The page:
Dare you …
Saturday 13th May 2017 @ 5:47 pm
Brené Brown takes the title of her book, ‘Daring Greatly’ from a speech given by President Theodore Roosevelt in 1910. It is an apt and illustrative title … and a fantastic book.
I am constantly amazed at how ‘snippets’ from history can jump toward us and be of use. By that I mean, I don’t know very much about Teddy Roosevelt. Only that he was called Teddy. And that like most Presidents he left snippets for us to muse … I suspect he was Wesleyan as one of the shortest snippets you sometimes hear is “Do what you can, with what you have, where you are.” As usual, I am more than amused, because that particular quote doesn’t come from Teddy at all. It comes from Squire Bill Widener – who Roosevelt attributes it to in his autobiography. Turns out I know less than I thought I did about Teddy Roosevelt.
But this quote is from him … and it follows on from a speech to the Sorbonne in Paris, where he tells them his aim for his speech is to speak of ‘individual citizenship.’ He affirms the Republic of France as being like the Republic of America where democracy needs what he calls ‘heroic virtues’ carried out by the normal people of the every day.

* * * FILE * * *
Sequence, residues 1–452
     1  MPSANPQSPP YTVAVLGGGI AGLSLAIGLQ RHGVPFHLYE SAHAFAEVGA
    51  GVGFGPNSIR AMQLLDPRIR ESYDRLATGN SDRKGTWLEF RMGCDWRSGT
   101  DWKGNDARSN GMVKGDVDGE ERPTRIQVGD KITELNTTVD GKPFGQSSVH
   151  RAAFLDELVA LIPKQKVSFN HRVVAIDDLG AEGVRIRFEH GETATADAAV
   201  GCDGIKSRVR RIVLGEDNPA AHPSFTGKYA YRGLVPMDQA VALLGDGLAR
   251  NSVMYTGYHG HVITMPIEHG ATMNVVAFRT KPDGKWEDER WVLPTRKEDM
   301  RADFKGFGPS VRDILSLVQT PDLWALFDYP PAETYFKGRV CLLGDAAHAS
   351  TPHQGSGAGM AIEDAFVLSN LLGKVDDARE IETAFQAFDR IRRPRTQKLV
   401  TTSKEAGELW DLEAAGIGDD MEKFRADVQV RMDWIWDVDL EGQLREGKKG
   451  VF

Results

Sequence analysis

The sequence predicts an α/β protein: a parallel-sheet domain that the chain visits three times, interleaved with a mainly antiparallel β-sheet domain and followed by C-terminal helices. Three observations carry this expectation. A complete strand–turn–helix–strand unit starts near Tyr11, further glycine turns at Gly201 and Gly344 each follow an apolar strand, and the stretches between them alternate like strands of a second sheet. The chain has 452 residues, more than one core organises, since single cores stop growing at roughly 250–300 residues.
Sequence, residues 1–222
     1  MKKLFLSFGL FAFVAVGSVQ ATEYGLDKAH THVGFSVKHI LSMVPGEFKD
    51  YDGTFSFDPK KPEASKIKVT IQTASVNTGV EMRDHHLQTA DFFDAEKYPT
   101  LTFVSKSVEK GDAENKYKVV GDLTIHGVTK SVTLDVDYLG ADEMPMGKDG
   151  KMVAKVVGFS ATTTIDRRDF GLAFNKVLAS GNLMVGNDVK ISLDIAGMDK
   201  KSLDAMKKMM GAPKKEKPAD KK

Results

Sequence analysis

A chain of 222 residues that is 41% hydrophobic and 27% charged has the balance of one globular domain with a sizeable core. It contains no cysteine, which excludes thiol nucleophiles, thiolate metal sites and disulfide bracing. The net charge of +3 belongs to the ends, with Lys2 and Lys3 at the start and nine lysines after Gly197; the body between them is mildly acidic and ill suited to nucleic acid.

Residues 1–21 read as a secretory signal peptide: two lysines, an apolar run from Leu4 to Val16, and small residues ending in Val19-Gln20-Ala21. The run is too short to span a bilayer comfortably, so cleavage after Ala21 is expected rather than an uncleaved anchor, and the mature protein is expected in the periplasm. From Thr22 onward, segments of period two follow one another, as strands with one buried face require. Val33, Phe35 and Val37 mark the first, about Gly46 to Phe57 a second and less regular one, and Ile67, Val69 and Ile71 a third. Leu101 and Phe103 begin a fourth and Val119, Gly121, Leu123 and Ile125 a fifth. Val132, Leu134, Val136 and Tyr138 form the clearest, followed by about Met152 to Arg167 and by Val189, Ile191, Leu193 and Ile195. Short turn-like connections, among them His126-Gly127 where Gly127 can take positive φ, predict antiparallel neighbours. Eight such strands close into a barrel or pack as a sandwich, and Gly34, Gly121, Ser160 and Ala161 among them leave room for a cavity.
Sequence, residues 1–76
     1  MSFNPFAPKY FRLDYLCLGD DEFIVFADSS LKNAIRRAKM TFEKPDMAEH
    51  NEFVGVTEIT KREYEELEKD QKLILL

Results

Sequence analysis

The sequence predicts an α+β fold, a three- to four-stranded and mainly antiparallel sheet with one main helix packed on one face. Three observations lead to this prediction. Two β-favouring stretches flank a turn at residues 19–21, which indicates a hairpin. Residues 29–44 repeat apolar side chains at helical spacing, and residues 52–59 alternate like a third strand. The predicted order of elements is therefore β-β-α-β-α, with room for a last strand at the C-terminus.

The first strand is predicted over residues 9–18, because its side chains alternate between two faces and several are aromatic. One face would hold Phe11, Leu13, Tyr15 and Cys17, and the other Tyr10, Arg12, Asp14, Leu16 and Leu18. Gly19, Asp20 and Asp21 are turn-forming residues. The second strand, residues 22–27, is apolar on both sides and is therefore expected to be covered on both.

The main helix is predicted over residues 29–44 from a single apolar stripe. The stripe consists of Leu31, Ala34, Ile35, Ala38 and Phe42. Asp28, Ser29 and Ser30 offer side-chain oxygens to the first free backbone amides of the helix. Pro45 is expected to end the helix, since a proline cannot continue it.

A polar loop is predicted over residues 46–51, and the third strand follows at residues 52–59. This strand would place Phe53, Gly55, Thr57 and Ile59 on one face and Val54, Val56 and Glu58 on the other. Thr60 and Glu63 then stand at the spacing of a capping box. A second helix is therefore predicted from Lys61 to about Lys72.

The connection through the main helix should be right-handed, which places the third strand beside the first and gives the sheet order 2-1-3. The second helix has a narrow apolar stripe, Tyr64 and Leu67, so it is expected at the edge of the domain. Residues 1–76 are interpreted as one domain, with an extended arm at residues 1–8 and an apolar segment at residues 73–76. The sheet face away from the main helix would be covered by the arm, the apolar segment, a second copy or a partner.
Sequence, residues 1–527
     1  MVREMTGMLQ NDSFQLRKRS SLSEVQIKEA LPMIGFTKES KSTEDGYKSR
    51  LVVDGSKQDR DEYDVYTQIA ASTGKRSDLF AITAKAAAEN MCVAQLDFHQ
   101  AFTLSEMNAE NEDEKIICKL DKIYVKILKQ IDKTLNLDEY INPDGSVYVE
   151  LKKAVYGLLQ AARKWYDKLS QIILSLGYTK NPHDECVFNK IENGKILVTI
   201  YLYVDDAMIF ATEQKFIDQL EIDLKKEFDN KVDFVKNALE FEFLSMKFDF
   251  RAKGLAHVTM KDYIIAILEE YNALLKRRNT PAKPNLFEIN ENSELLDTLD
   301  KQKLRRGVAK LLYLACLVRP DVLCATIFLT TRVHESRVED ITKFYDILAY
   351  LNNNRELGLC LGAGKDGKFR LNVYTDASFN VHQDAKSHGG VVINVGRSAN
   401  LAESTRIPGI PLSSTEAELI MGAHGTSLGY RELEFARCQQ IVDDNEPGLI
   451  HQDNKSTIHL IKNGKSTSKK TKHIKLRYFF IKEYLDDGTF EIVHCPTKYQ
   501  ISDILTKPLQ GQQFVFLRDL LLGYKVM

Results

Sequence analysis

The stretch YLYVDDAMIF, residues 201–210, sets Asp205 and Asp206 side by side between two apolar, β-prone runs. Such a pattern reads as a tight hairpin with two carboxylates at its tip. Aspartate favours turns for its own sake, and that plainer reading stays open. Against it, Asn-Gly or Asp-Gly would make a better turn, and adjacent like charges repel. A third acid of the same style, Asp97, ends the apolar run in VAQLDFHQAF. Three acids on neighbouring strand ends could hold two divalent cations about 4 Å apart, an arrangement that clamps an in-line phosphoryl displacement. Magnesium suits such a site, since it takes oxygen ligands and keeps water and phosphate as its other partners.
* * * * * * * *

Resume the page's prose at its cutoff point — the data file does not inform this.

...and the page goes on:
In that context – this quote is even more enlightening, and maybe even more needed across America and Europe than when it was delivered 107 years ago.
With usual apologies for patriarchal language of the day.
“It is not the critic who counts; not the man who points out how the strong man stumbles, or where the doer of deeds could have done them better.
The credit belongs to the man who is actually in the arena, whose face is marred by dust and sweat and blood; who strives valiantly; who errs, who comes short again and again, because there is no effort without error and shortcoming; but who does actually strive to do the deeds; who knows great enthusiasms, the great devotions; who spends himself in a worthy cause; who at the best knows in the end the triumph of high achievement, and who at the worst, if he fails, at least fails while daring greatly, so that his place shall never be with those cold and timid souls who neither know victory nor defeat.”
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